The O'Higgins Report: Sergeant Maurice McCabe, his allegations and how they were handled
Published 11/05/2016 | 23:41
The report found the whistleblower was a dedicated and committed garda, who raised legitimate concerns about procedures and practices at Bailieboro Garda Station.
It found he was never less than truthful in his evidence and a man of integrity, but was prone to exaggeration at times. While some of his complaints were upheld others were proven to be overstated or exaggerated and some were unfounded.
The report contradicted the findings of barrister Sean Guerin, who found Mr Shatter had not heeded Sgt McCabe's complaints. It found Mr Shatter had dealt with his complaints appropriately.
How Sergeant McCabe's allegations stacked up...
True: Failings in investigations
The report found serious flaws and failures in criminal investigations in the Cavan-Monaghan division in 2007 and 2008.
Unclear: PULSE corruption claims
Sgt McCabe complained alterations to records on the garda PULSE computer showed officers had "corruptly" failed to pursue prosecutions in cases where evidence was available.
The report did not make a finding of corruption, but said it appeared PULSE files were updated, sometimes years later, in an attempt to excuse the failure to prosecute.
False: Martin Callinan corruption claim
The report cleared the former Garda Commissioner of an allegation of corruption made by Sgt McCabe regarding the alleged placement of a senior officer on a promotion list. The allegation had no foundation.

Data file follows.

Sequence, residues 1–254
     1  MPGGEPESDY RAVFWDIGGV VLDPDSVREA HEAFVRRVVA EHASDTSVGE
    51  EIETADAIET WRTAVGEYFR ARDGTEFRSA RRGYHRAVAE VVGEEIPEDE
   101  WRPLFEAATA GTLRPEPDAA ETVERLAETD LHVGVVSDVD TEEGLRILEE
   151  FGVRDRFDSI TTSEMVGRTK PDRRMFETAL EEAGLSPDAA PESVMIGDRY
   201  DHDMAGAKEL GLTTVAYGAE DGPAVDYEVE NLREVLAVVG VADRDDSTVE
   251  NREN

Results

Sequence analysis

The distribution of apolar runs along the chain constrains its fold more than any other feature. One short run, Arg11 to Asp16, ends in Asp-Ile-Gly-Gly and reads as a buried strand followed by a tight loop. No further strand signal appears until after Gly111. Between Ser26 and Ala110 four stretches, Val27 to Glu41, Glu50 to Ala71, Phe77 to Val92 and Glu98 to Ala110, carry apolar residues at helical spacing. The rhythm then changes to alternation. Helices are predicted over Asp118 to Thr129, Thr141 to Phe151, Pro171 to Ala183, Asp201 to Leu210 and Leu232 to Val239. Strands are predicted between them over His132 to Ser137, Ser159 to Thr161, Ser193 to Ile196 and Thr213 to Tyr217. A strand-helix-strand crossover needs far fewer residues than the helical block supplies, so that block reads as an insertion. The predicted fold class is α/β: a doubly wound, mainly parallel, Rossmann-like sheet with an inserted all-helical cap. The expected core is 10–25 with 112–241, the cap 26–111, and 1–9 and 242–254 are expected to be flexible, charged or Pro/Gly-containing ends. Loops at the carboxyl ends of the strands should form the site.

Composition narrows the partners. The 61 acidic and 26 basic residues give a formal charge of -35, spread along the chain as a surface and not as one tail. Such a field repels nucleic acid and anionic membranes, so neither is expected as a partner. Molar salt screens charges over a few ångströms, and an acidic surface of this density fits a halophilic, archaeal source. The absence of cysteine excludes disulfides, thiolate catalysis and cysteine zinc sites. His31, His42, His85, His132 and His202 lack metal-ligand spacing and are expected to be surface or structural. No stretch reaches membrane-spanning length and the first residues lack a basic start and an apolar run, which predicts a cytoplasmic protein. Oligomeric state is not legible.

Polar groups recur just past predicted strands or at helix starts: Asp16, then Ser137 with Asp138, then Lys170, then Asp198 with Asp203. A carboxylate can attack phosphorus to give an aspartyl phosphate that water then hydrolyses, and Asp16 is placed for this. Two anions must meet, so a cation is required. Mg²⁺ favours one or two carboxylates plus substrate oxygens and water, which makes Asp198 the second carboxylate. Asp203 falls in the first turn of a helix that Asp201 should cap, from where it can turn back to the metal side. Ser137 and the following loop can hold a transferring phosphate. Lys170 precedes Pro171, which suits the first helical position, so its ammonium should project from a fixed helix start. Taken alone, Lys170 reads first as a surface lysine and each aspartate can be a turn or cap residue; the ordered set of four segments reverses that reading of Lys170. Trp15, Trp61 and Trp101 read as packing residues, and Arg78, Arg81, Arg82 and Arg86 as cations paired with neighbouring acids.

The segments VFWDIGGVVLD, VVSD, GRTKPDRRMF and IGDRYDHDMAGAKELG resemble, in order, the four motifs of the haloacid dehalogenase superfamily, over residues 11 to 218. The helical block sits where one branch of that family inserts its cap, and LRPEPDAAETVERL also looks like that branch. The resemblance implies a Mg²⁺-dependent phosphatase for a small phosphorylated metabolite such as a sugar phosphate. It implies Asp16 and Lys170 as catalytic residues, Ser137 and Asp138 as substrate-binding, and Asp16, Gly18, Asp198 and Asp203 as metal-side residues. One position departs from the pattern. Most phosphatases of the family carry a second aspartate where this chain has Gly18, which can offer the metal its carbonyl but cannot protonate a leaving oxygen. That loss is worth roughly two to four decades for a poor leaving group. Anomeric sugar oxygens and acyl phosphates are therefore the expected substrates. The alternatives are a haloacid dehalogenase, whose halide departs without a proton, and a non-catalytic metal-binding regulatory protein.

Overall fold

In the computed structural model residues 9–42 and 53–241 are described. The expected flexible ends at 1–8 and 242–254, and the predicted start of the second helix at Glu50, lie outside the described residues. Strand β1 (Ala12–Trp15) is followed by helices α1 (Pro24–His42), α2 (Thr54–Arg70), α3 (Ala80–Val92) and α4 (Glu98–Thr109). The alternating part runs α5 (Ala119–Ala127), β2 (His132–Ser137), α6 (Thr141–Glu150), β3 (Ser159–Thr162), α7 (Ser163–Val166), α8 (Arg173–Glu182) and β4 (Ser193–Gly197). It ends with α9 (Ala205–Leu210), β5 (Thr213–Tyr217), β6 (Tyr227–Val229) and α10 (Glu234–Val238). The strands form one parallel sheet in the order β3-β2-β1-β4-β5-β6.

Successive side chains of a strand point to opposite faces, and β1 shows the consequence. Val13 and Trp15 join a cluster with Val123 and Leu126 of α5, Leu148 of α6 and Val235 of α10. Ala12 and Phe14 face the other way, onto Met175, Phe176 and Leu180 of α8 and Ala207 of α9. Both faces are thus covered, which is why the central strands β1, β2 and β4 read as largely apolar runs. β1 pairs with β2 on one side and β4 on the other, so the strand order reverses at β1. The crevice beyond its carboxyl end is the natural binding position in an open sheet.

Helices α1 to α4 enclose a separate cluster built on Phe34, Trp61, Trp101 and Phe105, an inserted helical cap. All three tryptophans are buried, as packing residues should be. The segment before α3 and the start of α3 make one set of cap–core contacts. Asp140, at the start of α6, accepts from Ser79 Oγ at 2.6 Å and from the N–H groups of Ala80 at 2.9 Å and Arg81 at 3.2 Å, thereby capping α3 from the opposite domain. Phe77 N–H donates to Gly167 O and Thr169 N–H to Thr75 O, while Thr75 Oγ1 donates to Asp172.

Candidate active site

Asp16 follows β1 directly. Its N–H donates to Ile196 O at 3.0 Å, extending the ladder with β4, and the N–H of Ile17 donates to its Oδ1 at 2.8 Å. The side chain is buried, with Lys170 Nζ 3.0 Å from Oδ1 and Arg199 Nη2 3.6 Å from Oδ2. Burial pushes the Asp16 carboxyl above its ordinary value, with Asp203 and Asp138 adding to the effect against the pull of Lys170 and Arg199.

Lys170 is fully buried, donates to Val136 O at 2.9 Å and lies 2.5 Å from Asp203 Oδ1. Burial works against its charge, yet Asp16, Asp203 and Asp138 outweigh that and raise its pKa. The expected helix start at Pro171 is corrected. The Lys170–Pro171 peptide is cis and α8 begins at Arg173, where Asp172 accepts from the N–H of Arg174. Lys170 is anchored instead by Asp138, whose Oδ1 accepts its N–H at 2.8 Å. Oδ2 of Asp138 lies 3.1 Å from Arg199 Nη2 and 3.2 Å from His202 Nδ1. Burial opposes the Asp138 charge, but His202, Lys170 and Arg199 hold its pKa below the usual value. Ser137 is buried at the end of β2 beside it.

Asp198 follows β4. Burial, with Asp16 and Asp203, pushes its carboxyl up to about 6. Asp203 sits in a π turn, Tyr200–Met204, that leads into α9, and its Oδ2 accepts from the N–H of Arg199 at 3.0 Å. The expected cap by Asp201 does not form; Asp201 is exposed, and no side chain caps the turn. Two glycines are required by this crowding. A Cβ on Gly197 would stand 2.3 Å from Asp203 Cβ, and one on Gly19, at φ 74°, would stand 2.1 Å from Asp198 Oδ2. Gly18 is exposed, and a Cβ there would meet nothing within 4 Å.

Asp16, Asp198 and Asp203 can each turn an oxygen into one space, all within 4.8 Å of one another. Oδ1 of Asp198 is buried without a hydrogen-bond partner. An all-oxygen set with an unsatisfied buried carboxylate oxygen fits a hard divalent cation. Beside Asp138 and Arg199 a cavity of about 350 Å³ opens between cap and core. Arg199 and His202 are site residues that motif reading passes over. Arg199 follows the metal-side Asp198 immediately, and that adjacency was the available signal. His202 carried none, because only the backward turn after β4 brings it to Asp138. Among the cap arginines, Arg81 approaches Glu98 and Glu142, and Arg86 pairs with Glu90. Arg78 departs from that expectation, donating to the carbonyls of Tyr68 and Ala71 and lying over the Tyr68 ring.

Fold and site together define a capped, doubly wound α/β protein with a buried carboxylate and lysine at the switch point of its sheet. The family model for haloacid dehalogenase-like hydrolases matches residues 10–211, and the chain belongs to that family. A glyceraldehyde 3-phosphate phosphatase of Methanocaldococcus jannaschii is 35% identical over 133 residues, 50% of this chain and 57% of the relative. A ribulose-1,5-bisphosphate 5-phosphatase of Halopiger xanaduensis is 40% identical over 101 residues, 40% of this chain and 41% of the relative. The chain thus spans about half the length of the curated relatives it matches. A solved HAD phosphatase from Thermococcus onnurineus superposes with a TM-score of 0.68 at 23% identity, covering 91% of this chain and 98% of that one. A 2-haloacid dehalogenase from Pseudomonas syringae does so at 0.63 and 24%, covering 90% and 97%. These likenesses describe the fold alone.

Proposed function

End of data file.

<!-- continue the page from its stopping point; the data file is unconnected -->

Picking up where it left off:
False: Corruption claims against other garda officers
Complaints of corruption made by Sgt McCabe against Assistant Commissioner Derek Byrne, Chief Superintendent Colm Rooney and Superintendent Michael Clancy were all found to be hurtful and unfounded.
False: Claims of corruption in investigations The report found no evidence of garda criminality or corruption, but found junior gardaí were allowed investigate cases without sufficient supervision from more senior officers.
The report recommended victim impact statements be made standard procedure in courts. It found that superintendents should monitor the supervision by sergeants of less experienced gardaí.
A written framework of procedures should be provided for sergeants in charge of stations and a new performance management system shouldbe implemented by An Garda Síochána immediately.
It also recommended that all ranks of the force should be diligent in taking proper notes and that this should be monitored.